Oil prices have started another losing streak this week due to signals that global oil storage capability is reaching its breaking point. This comes as worries grow over the possibility that the promised oil production cuts will not be enough to meet up with the plunge in demand caused by COVID-19 pandemic.
Brent crude was down by about 8.12%, trading at $19.70 a barrel, at 3.49 pm Nigerian local time, on Monday.
“Rising inventories and weak demand are weighing heavily on sentiment,” ANZ analysts told Reuters.
Meanwhile. there were high price upswings in the oil market last week, as demand for crude fell by about 30% due to the COVID-19 onslaught.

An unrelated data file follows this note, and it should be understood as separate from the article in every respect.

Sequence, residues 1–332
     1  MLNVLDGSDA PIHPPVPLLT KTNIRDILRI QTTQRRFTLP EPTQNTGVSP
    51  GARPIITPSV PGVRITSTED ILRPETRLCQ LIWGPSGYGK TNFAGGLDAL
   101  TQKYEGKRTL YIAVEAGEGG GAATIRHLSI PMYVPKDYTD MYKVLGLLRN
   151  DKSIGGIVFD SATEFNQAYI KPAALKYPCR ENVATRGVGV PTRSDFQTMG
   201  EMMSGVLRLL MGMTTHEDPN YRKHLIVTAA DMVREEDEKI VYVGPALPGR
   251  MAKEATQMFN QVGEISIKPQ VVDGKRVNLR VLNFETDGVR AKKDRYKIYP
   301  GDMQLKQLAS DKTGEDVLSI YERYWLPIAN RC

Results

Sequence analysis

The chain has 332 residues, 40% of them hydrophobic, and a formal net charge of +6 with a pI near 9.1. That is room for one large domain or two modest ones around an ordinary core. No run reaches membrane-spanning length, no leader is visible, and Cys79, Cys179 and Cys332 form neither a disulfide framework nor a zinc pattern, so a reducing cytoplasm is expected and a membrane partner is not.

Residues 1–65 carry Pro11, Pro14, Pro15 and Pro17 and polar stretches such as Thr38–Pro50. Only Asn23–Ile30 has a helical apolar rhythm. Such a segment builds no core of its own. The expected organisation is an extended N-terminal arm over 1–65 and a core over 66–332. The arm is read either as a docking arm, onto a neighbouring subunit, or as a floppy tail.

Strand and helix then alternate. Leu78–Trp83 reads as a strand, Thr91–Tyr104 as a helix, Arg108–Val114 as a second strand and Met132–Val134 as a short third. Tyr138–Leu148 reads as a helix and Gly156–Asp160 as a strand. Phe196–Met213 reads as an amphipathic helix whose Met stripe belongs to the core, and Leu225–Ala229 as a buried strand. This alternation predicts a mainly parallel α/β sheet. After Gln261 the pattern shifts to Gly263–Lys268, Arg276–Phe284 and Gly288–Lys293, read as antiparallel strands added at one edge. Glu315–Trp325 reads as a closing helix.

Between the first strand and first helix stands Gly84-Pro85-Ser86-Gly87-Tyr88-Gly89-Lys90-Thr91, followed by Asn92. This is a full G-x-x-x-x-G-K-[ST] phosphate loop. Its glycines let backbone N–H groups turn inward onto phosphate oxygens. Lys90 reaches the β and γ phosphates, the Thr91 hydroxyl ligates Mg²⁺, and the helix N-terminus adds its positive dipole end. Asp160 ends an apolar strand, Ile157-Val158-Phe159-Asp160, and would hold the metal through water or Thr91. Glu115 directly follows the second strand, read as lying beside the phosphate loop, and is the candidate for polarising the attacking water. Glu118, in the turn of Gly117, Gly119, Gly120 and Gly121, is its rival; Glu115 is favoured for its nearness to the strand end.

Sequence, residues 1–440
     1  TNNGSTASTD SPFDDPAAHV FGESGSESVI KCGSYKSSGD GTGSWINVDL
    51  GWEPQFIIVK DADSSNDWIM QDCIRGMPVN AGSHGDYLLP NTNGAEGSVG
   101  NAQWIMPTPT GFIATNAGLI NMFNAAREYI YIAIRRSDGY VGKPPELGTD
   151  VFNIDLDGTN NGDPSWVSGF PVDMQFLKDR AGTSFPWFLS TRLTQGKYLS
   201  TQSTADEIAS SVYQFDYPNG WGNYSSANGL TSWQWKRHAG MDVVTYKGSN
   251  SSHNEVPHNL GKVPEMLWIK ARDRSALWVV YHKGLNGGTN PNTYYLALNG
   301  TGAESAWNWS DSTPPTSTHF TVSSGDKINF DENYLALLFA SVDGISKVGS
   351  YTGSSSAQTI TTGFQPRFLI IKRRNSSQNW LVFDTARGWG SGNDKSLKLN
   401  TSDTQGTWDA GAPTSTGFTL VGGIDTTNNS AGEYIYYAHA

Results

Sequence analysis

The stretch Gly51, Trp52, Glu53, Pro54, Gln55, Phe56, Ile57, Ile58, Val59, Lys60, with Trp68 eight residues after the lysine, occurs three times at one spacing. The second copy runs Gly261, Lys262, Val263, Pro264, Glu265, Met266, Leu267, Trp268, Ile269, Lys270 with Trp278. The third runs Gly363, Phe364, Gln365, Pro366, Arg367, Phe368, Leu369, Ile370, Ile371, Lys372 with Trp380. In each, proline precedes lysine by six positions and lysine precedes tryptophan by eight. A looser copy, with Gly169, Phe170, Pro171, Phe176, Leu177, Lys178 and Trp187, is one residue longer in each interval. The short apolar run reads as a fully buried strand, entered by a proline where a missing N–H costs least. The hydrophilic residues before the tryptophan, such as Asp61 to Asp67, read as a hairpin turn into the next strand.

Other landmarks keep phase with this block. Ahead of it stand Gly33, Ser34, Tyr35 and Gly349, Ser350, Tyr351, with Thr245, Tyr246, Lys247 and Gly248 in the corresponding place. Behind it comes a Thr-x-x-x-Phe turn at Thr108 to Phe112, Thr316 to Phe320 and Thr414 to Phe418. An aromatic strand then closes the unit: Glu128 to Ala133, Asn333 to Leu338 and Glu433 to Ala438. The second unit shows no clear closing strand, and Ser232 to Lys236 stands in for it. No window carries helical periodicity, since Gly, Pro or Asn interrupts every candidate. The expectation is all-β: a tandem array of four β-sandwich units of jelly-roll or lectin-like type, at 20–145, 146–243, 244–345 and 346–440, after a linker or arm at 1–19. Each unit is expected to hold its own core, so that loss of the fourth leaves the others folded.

Oil traders expect demand for crude oil to fall short of supply for several weeks as a result of the economic disruption.
Oil producers are not reducing oil production as promised to support crude oil prices and this is not helping, especially as global economic growth is projected to fall by 2% in 2020.
However, OPEC and its allies including Russia, a group known as OPEC+, promised two weeks earlier to reduce oil production by 9.7 million barrels of oil per day in May and June.
Presently, the world’s largest independent oil storage firm is out of storage space for crude oil, because of the fast-increasing oil glut created by COVID-19.
“The available capacity on the oil side is almost completely sold out for our terminals,” Gerard Paulides, the Chief Financial Officer of Rotterdam-based Royal Vopak NV, said in an interview. “For Vopak, the worldwide available capacity that is not in maintenance is almost all gone and from what I hear elsewhere in the world we’re not the only ones.”